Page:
December 12, 2006

Tracing Our Little Hands

In a 21st century work on the Holocaust, the categories Catastrophe and Meaning (eds. Moishe Postone and Eric Santner, Stanford UP, 2003) are brought together to form a title and announce a structure. The destruction of European Jews retains its power precisely because it is "an impasse to understanding." It is a catastrophe immune, in many ways, to meaning; thought in ruins. On the other hand, one cannot but attempt to engage it, to think it, to stare into what it is that happened. In our world that happened, and in many ways, continues.

And so too the fascination continues. Inquiry into such horror evolves along with the shifts in its cultural appearance. As generation after generation makes use of this wretched past for its present necessities, scholars, in turn, try to lend meaning by focusing ever-increasingly on what has happened to the Holocaust since it ended: the politics of its representation and the climates within which it is called upon, rejected or denied, diminished in memory or isolated in monument, exalted for its singularity or turned into a minor variation on an immemorial theme.

The impossibility of being content with these meanings leaves thought with its sorry, endless task, something touching on the pitiable. Among the heaped ideas in disciplinary piles, there is either failure or a false conceit. Something is denied either way. There is often the recourse to a weak positivism, reflexive cant, or the tired expressions of learned truisms. Some secure structure lends sanctuary. Without such protections and assumptions there is only the briefest and barest rest at each station.

Those earnestly searching for a calculus to measure the immeasurable can become rightfully exhausted by the Shoah's refusal to yield to the contrivances and narratives, however small. Surely there should be some steadfast formulation, some assuring form for the labor.

"Auschwitz: the impossibility of rest," writes Sarah Kofman in Smothered Words. Kofman's father was killed in Auschwitz. She twice recounts that he was "buried alive" for trying to observe the Sabbath while in the camp. Un-mournable. No rest for him there, no rest for her melancholy. She first approaches this loss that cannot be acknowledged through her readings of Blanchot and Anthelme. In a later work, the autobiographical Rue Ordener, Rue Labat, she takes a different route, one closer to her own being, a being haunted by the history suggested in this self-image:

Rue Ordener, Rue Labat, written just prior to her suicide, is a book saturated with references to writing, drawing, and the demands of shaping and tracing memory. One moment poignantly recalls her father during the war, before his deportation. He sends letters to his lone surviving brother, who was then in Yugoslavia. "When he wrote to him from Paris," Kofman says, "my father drew our little hands on the letters as signatures." Much later, when Kofman's sister travels to Israel,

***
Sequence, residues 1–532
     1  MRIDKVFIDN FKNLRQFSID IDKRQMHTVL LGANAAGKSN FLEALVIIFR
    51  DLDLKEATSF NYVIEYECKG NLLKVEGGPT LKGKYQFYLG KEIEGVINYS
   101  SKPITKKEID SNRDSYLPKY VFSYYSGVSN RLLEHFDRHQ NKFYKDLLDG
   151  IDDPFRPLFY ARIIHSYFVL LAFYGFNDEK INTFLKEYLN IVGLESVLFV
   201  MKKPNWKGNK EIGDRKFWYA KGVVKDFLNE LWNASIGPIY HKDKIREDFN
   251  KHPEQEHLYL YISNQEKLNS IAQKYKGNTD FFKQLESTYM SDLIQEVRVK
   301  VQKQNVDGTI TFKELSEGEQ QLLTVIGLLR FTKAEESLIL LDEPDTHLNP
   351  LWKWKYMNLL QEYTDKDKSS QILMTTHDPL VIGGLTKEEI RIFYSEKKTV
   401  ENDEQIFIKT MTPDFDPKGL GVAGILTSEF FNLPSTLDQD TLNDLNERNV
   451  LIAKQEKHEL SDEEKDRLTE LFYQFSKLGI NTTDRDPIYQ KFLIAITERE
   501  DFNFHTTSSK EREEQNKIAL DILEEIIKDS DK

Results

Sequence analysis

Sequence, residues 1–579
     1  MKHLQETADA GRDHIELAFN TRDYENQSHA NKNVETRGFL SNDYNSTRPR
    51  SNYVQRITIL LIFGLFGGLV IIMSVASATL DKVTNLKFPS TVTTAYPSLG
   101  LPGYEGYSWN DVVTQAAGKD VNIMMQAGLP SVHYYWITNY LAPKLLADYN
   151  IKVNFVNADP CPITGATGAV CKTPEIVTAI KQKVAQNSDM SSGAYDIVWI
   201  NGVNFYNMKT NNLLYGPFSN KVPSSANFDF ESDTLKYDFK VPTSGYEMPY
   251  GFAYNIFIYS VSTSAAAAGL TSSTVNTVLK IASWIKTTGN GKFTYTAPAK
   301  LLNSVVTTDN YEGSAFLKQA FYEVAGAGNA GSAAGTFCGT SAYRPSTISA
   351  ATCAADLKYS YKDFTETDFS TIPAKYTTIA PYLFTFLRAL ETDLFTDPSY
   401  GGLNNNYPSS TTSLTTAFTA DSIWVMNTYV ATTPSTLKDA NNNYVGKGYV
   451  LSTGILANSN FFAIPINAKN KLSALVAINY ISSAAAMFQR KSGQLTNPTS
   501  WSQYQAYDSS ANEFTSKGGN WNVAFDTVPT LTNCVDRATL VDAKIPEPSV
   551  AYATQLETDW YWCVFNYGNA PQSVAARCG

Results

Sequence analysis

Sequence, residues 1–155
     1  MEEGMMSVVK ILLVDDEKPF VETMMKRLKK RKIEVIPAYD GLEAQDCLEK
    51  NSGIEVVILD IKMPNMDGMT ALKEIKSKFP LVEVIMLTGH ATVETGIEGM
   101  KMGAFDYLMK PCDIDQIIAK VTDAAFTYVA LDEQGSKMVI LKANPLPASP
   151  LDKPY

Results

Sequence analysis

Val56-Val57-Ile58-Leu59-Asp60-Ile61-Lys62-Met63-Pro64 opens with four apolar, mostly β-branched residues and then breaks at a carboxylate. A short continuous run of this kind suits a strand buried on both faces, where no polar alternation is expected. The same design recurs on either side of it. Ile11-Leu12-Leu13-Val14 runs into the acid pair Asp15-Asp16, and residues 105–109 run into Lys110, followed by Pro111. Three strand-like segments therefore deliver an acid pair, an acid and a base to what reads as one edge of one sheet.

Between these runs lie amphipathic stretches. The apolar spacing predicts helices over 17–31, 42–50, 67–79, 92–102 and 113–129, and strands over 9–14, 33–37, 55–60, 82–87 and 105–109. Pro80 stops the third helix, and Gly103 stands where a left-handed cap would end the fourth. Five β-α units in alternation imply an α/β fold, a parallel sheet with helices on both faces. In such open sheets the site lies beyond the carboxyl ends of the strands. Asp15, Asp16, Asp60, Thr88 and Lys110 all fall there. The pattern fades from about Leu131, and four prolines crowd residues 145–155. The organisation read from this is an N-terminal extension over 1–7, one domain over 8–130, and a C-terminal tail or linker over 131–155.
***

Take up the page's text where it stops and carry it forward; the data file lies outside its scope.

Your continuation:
"she was able to retrieve some photos of my father that we didn't have any longer and to see his letters written in Yiddish with the drawings of our hands. We had forgotten that tender gesture of my father's, and it came back to me then, all of a sudden, that during the entire war I myself had never ceased drawing my hands."

That incessant tracing, making and remaking both one's own hands and holding to the learned gesture itself, is the only option for keeping such a past at hand.

Fittingly, the architect Daniel Libeskind calls on this idea to suggest how he came to imagine Berlin while designing the Jewish Museum there. Wanting to engage the trauma in the public space of today (Germany as it is, a nation inhabiting innumerable places where people lived and died and from which they were torn during the Holocaust), Libeskind situates his museum along the lines of a virtual grid of Berlin. This grid is the imaginable city of the past and the critical interpretation of its present. He writes of conjuring this place:

"I decided to look at the hand of Alfred Doblin, a handprint which he made of his left hand in the 1920s, and in it I saw all the lines which describe Berlin as he saw it. . . . One can see the lifelines of Berlin in that hand: the love lines, the lines of death, the lines of work. That left hand of Doblin's Alexanderplatz is, I believe, the real matrix that continues to hold out the promise of that place."

The promise for the place is an evolving response, including the experience of meeting, as if by turning a city corner, the absence, the loss, and the memorial possibilities within an imagination that decides to linger, to dwell, to see through the restless layers of burial. This is the labor of acknowledgment. It is never finished. That is the task at hand. With each step one may encounter what Libeskind calls the "void," the physical space of trauma, traversed through touch, like a repeated trace of what can never be repeated. Such a reach toward the past is bound to feel insufficient and rightfully anxious.

The small gesture of hands: the image of a pencil moved along paper to serve as a signature for a particular date, a particular assemblage of word and wish during the worst circumstances of separation and fear. What divides the individual acts from those repeatable realms where meaning dwells, where memory binds them together, where present writes the past? "In a line of writing," Giorgio Agamben suggests, "the ductus of the hand passes continually from the common form of the letters to the particular marks that identify its singular presence, and no one, even using the scrupulous rigor of graphology, could ever trace the real division between these two spheres."